Significant increases in steel prices following (and in anticipation of) President Donald Trump’s tariffs on imported steel are driving costs up for North Carolina’s construction industry — and the higher prices may result in stalled projects and substitution of steel for other building materials.
“Steel is everywhere in construction,” Carolinas Associated General Contractors (CAGC) president David Simpson told the Raleigh News & Observer in an interview. It is used in concrete, in bridges, to make the structure of buildings, for beams, in staircases, interior walls, and in hardware.
Trump in early March a 25 percent tariff on imported steel and a 10 percent tariff on aluminum, but at least temporarily suspended it for imports from Canada and Mexico.
However, most of North Carolina’s imported steel — more than $52 million in 2017 — came from Brazil, and overall steel imports reached $150 million (of which only $30 million were from North American Free Trade Agreement (NAFTA) countries.)
While the tariffs started on March 23, domestic steel producers have wasted no time in increasing their prices.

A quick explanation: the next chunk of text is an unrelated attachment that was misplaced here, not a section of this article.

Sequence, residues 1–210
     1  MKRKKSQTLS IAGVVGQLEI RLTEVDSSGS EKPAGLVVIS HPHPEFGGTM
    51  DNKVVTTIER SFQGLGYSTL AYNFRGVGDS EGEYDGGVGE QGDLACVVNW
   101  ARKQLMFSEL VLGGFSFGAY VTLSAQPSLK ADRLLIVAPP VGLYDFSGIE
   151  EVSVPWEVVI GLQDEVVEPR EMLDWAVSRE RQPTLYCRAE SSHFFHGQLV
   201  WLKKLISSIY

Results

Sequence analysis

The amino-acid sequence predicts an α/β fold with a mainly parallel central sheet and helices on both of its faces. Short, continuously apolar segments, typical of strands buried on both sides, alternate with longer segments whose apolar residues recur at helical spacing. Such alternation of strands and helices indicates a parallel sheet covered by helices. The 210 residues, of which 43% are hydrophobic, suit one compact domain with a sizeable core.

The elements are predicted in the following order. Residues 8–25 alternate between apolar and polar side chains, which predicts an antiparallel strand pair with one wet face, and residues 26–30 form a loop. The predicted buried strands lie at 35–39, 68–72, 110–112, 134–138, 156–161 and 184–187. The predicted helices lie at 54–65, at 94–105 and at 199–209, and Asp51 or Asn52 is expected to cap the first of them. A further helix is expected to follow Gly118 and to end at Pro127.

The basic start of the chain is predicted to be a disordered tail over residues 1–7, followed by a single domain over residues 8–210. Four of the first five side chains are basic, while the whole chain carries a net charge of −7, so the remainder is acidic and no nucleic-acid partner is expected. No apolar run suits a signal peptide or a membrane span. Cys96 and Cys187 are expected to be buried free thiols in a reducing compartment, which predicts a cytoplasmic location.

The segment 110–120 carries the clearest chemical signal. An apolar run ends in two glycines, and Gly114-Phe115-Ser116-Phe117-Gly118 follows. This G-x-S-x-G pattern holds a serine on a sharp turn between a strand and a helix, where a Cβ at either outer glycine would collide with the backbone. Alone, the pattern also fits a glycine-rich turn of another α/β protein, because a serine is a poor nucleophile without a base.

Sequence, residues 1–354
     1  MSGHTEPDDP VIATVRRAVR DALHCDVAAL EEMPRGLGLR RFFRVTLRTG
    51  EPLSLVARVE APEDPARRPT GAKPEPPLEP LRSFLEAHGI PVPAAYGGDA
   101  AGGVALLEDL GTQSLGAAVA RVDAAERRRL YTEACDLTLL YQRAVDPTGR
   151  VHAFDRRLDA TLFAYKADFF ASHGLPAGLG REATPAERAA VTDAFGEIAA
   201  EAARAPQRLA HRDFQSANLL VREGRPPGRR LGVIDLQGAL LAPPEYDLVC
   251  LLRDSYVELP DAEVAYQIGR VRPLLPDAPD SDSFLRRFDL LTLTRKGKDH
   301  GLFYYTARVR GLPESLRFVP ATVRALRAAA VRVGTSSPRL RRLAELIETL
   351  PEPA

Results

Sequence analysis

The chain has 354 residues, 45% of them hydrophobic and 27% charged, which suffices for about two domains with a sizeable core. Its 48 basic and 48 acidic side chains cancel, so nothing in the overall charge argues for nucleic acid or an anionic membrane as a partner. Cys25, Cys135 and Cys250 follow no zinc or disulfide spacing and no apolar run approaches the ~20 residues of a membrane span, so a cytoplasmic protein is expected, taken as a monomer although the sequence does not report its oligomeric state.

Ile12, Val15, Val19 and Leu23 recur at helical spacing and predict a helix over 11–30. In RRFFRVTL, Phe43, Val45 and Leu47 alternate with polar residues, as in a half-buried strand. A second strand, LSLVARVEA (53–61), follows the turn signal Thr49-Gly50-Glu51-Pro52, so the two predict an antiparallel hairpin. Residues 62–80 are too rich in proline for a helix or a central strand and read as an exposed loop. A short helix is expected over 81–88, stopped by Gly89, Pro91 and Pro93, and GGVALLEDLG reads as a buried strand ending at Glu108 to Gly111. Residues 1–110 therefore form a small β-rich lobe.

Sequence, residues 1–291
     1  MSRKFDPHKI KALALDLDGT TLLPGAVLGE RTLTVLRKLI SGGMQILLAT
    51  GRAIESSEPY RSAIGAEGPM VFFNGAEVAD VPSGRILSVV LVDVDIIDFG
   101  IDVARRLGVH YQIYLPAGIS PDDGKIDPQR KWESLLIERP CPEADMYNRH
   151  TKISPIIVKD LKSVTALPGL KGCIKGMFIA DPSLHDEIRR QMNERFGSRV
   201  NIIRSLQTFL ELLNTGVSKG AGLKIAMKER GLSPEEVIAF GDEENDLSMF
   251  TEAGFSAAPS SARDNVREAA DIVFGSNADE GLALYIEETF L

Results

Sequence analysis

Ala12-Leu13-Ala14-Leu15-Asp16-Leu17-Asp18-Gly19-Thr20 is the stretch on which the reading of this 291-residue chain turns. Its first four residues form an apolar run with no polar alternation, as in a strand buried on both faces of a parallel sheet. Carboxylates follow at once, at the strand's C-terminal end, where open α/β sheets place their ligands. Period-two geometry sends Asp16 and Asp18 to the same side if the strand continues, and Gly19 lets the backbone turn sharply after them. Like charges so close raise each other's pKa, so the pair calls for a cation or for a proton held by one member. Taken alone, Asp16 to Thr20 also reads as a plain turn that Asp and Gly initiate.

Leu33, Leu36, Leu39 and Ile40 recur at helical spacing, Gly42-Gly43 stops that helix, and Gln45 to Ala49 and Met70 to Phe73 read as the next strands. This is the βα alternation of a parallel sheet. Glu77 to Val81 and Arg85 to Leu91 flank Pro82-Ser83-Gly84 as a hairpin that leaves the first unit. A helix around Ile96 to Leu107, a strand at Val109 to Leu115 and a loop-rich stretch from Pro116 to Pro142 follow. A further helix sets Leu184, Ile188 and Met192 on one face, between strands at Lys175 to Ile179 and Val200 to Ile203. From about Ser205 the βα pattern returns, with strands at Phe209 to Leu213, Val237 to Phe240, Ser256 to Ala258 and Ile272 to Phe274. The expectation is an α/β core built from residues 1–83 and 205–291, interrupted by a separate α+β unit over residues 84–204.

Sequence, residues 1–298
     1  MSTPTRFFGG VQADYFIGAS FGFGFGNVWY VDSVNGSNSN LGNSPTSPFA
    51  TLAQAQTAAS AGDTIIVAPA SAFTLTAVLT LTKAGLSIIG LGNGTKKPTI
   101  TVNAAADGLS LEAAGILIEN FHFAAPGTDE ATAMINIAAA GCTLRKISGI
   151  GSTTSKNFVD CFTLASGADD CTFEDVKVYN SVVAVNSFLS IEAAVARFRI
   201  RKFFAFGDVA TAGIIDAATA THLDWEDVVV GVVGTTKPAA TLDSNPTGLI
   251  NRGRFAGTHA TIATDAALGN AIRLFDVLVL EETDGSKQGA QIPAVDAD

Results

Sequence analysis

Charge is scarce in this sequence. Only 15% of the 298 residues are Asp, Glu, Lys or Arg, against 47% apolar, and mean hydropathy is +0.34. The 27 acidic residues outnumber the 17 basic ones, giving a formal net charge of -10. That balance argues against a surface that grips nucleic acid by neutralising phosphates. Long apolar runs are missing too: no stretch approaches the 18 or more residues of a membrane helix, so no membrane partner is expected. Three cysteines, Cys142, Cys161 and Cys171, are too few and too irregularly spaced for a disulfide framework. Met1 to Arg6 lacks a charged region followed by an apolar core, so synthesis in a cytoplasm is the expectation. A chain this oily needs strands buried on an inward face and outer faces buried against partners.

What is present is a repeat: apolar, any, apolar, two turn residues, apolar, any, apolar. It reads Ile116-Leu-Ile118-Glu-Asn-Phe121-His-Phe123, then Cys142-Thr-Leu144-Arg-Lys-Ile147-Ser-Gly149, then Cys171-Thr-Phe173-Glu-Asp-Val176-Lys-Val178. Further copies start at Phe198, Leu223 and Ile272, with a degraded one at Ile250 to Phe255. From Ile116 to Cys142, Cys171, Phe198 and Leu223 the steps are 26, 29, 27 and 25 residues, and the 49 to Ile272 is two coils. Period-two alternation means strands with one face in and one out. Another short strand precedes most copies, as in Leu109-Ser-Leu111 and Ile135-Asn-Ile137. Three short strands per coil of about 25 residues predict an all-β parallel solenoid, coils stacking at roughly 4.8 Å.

Charlotte-based Nucor Corporation raised its prices by $45 per ton of steel, the News & Observer reports.
Bill Pruden, president of Rocky Mount contractor Steel Technology Inc., said he saw an overnight increase of 5 percent, continuing price hikes of 26.8 per cent over the past three months.
Meanwhile, Chuck Pinnix, director of sales at Buckner Steel Erection, said the current chaotic price escalation will make developers re-design projects in order to stay within budget. “What we’re probably gonna see is a lull of projects sitting still or not moving forward,” Pinnix told the News & Observer.
Simpson with CAGC said his organization expects more price hikes. “The proposed increases may make good political soundbites,” Simpson said in the published interview. “But we in the construction industry are very concerned about how it will drive up prices on both imported and domestic steel.”
Nucor spokesperson Katherine Miller said: “The proposed tariffs are important for the long-term financial health of the steel industry. We support the president sending a strong message to foreign competitors that dumping artificially cheap steel products into our markets will no longer be tolerated.”
However, Pruden said he expects construction clients will choose wood or other alternatives to steel. Steel and steel contractors will lose their market share. “The amount of work we could potentially sell will decline,” he said in the published report.